We are fortunate to have so many first-rate recordings of Messiaen’s
orchestral music, directed by the likes of Antal Dorati, André
Previn, Myung-Whun Chung, Pierre Boulez and David Porcelijn.
A recent addition to the list is Juanjo Mena, whose fine Turangalîla-symphonie
sets new standards for the piece (review).
I have long admired Boulez’s DG recording of Et exspecto
- my reference here - but since I’ve touched on Messiaen’s
other large-scale works I’d urge newcomers to hear two
quite remarkable recordings: Dorati’s La Transfiguration
de Notre Seigneur Jésus-Christ (Decca) and Porcelijn’s
Éclairs sur l’Au-Delà… (ABC
Classics). Really, no Messiaen collection is complete without
Et exspecto resurrectionem mortuorum, a government commission
to commemorate the dead of two world wars, may look like a requiem
but it isn’t. Instead Messiaen chose to focus on that
central tenet of Christianity, redemption through resurrection.
Scored for wind, brass and percussion - including an array of
gongs - it has a block-like structure that can so easily seem
discrete or dull. Indeed, Märkl’s reading might just
qualify on both counts; his first movement is very ponderous
- turgid, even - and there’s absolutely no sense of the
purgatorial pit. The range of sonorities one hears on the Boulez
disc - the Cleveland players are in fine fettle - is just astonishing,
the abyssal night pierced by stars of light.
Put another way, Boulez holds out the promise of redemption
and release; it seems Märkl doesn’t. It’s such
a complex and competing mixture of timbres that a top-notch
recording is de rigueur; Boulez gets one, Märkl
doesn’t. Even more important is that sense of musical
and spiritual progression; Boulez finds it, Märkl doesn’t.
Sadly, the rest of this Lyon performance is just as earthbound.
In the second movement, with its highly symbolic rhythms and
intervals, Boulez is forensically detailed but his reading never
sounds bleached. Also, his percussionists are subtle and sophisticated,
whereas Märkl’s - dry and deprived of depth or decay
- sound rough and peremptory.
In the central movement, with its trade-mark bird calls and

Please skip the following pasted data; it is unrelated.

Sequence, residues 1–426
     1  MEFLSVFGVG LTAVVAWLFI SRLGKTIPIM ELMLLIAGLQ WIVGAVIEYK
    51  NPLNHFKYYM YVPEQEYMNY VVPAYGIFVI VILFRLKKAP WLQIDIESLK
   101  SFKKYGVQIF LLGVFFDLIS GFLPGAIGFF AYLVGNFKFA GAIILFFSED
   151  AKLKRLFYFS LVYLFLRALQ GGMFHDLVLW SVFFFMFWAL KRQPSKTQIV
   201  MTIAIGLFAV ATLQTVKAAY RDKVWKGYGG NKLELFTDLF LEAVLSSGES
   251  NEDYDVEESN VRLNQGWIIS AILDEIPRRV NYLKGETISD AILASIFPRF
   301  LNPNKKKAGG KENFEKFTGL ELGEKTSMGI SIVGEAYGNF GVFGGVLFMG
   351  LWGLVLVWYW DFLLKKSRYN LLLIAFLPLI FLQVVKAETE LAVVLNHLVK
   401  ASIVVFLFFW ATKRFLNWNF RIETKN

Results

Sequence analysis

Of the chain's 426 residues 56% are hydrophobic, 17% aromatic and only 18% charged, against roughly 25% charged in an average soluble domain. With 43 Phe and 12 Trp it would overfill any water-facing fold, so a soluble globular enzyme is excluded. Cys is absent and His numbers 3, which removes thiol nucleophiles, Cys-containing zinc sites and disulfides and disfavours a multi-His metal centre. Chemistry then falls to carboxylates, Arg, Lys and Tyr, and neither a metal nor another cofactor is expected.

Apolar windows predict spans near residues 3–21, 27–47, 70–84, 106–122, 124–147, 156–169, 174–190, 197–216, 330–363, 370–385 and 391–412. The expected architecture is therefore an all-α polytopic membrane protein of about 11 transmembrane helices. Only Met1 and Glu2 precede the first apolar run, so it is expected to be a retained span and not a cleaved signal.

percussive crescendi, Märkl strikes me as perfunctory;
moreover, the silvery bells are almost inaudible, while the
kitchen clatter of those climaxes is simply jarring. So is there
any hope of redemption, for this performance at least? Well,
the fourth movement is slightly more appealing, but ultimately
it’s too discrete to really cohere or convince. As for
Messiaen’s series of gong smashes - surely a precursor
to the recurring passages in La Transfiguration - they
seem cntirely random. Oh, and we haven’t mentioned ecstasy,
another key ingredient in this music; yes, there’s a hint
of it in Märkl’s finale, but it’s Boulez who
finds genuine radiance and rapture at this point.
Clearly not a promising start to this collection, and one that
hardly augurs well for the much earlier Le tombeau resplendissant
and Hymne. Chung (DG) is propulsive and colourful in
the former, the Paris players far more engaged and animated
than their cousins down south. And that’s precisely where
this performance is headed; Märkl’s unvaried pounding
and that airless acoustic do this piece no favours. Chung’s
account of Hymne - given its original title Hymne
au Saint-Sacrement - isn’t quite so successful, and
Märkl does redeem himself with a reading of unexpected
passion and sinew. That said, it doesn’t sound much like
Messiaen; also, some listeners may find the Lyon strings a tad
I just can’t make up my mind about this Märkl /Lyon
partnership. Their Debussy box has some fine things in it -
- but otherwise it’s terribly uneven. At least it has
a few nuggets; there are none here.
Crude and shapeless; avoid.
review by Paul Corfield Godfrey